Film Review: Kano

Article by Kevin Young
Photo credit Niko

Remember the Titians meets baseball is the perfect way to describe Taiwanese actor, Umin Boya’s director debut film, Kano. Kano depicts the true story of a multiracial high school baseball team from Taiwan who are poor immigrants and sons of farmers getting the opportunity to compete in Japan’s elite high school baseball competition at Koshien stadium.

Coached by Hyotaro Kondo, (Masatoshi Nagase) turning a bunch of belligerent rowdy teenagers who end up brawling with another local village baseball team, into well disciplined players was no easy task. Kondo was able to do it because of his extensive history as a famous Japanese baseball player and his strict stringent training methodology. The players would wake up at the crack of dawn running laps around the whole village chanting “Koshien.”

The team goes from not being able to win any games or even score a single point to playing in the championship match in Koshien stadium. The multiethnic team of Chinese, Aboriginals, and Japanese shows a convergence of youths learning and growing together because of a shared desire to win. When Kondo is asked by the press after their first victory in Koshien, why he has non-Japanese players on his team, Kondo defends his players citing that each player has a specific skill that contributes to the team.

The film decided not to focus on the racial tensions Taiwan had being colonized by Japan during this time period but instead on how a team of underdogs rose to garner international fame. Their mantra was to “never give up until the end.”

Nagase does a phenomenal job of portraying the emotionless and prideful coach who cares very deeply for his team despite not showing it. Nagase even keeps up this performance in the presence of Kondo’s own children and wife nearly treating them as if they are his own players. This was done intentionally to represent this pre World War II time period.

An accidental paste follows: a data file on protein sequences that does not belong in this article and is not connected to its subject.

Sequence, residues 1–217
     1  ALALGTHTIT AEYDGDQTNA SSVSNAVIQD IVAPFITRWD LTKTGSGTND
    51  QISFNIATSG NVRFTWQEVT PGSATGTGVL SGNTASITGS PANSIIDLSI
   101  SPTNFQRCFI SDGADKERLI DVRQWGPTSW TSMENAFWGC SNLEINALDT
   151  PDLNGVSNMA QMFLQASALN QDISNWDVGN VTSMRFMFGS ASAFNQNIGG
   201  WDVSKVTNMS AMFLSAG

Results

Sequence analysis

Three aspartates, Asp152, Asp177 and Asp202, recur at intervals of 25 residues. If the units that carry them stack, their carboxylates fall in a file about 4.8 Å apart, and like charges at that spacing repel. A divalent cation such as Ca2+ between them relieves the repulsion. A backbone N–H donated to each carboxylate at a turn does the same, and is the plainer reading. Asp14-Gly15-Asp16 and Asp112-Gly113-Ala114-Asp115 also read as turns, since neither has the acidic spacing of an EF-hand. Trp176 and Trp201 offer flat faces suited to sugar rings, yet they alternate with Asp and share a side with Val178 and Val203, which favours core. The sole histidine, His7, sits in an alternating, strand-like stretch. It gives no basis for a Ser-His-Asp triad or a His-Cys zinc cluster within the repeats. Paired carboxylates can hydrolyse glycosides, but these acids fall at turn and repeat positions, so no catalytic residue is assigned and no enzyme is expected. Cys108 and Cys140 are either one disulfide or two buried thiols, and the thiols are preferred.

Out of all the players the Chinese pitcher Wu Ming-jie (Tso Yu-ning) is the one that stands out. He serves as the team’s ace striking out batter after batter. In the championship match Ming-jie cuts his hand yet perseveres through the pain to finish the game. You can see the blood running down his hand, eventually coating the ball yet even after Kondo wants to take him out of the game Ming-Jie refuses. This shows the stark opposition to how the players started to where they are now. Ming-jie’s dedication is so strong he grasps the soil from the ground to add more grip to his pitching. The character of Ming-jie portrays the general message of the film that you shouldn’t give up until the end and with practice even underdogs can become victorious.

Umin Boya, deserves credit for spending over three years to perfect the film from conducting research to casting real athletes. He talked with numerous Japanese and Taiwanese scholars and nearly searched at all the universities in Taiwan to cast the baseball players. This film is for those who like baseball and for those who like to see the story of unlikely individuals achieving success.

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